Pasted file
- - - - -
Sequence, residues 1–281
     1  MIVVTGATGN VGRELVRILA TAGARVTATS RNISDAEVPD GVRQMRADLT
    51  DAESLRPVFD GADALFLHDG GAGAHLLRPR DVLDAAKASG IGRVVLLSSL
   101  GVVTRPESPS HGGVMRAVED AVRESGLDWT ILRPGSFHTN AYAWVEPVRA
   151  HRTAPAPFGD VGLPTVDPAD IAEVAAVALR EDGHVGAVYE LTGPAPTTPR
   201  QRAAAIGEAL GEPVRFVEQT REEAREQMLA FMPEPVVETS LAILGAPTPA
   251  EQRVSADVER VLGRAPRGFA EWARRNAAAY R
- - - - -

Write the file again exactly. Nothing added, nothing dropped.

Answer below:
Sequence, residues 1–281
     1  MIVVTGATGN VGRELVRILA TAGARVTATS RNISDAEVPD GVRQMRADLT
    51  DAESLRPVFD GADALFLHDG GAGAHLLRPR DVLDAAKASG IGRVVLLSSL
   101  GVVTRPESPS HGGVMRAVED AVRESGLDWT ILRPGSFHTN AYAWVEPVRA
   151  HRTAPAPFGD VGLPTVDPAD IAEVAAVALR EDGHVGAVYE LTGPAPTTPR
   201  QRAAAIGEAL GEPVRFVEQT REEAREQMLA FMPEPVVETS LAILGAPTPA
   251  EQRVSADVER VLGRAPRGFA EWARRNAAAY R